Well, you know, I made a similar decision in my own life, and I’m by no means convinced that aging in real time is a good idea for anybody, real or imaginary. It comes at a cost.
On the other hand, Scudder’s still out there, taking it as it comes, one day at a time, and I’m still sitting here with my fingers on the keyboard, making his adventures accessible to readers. So maybe we’re doing something right… But enough about Scudder.
(More than enough, some might say — and way more than I ever thought I’d write. When he put the plug in the jug in the fifth book, Eight Million Ways to Die, I figured we were done with each other. He’d come to terms with the central problem of his existence, and that would seem to suggest that his d’etre had lost its raison. Well, duh, I was wrong about that, and more books followed, until it was very clear that #16, All the Flowers Are Dying, was the place to stop. And then I wrote #17, A Drop of the Hard Stuff, and wrote a couple of short stories to fill out #18, The Night and the Music. And that was that, it was all over, and we heard no more from or of the fellow — until A Time to Scatter Stones took me entirely by surprise. Go know.)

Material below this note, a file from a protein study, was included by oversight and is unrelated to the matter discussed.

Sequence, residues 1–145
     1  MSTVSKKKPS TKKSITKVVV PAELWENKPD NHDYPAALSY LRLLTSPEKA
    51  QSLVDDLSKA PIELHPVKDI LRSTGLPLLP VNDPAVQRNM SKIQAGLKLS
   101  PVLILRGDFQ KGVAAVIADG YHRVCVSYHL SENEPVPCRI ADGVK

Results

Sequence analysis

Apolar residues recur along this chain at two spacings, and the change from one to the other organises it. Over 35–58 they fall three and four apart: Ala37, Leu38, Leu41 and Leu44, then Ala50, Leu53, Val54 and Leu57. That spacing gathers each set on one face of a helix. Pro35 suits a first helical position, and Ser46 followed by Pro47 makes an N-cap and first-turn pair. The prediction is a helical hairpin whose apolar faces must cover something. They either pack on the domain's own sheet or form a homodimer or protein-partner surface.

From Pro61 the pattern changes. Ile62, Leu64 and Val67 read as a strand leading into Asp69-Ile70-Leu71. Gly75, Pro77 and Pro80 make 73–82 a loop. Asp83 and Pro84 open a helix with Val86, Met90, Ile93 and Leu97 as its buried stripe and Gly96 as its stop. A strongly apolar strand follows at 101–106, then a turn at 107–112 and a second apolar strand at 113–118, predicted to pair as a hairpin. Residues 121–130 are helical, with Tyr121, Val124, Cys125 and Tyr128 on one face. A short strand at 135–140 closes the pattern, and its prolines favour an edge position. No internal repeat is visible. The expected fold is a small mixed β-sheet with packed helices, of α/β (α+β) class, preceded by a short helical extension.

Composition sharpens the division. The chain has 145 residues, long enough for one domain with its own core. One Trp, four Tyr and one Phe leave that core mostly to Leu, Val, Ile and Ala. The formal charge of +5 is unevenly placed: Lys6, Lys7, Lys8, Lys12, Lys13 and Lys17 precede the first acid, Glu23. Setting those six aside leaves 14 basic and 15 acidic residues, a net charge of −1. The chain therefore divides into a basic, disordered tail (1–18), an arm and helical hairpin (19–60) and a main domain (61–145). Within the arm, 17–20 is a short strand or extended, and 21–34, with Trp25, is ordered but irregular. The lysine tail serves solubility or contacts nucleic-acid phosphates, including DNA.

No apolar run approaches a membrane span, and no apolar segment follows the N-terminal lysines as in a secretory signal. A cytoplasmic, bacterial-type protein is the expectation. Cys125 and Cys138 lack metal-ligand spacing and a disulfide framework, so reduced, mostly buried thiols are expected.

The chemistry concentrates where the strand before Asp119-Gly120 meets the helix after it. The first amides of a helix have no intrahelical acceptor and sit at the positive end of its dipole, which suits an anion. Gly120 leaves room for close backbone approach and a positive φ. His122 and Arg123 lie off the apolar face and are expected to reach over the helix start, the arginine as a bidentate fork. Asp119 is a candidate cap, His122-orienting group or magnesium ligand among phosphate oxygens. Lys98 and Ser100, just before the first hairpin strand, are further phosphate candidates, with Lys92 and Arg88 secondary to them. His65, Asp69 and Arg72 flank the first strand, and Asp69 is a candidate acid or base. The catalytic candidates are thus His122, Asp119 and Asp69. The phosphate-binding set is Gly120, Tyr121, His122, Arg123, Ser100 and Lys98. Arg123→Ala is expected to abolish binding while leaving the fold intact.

People occasionally want to know if there was a real-life model for Scudder — there wasn’t — and if I’m friends with a lot of cops and private detectives and get tips from them.
Well, I’ve known a few cops over the years. A couple of them wrote crime fiction, like Paul Bishop, who tweets up a storm when he’s not writing books, and the late Bill Caunitz, still an NYPD lieutenant when I met him shortly before the publication of One Police Plaza. One night I rode along with him while his team busted prostitutes on a local stroll in Long Island City; it was an exercise regarded as essentially pointless by all involved, but it served as good background for an episode in Eight Million Ways to Die.
There were other cops who weren’t writers themselves but told good war stories. My friend Jimmy Galvin recounted an incident that stuck in my mind, and morphed into a plot point in a Scudder short story, “A Moment of Wrong Thinking.” I paid him back (or punished him) by giving his name to the private eye who untangles a pivotal puzzle in Small Town.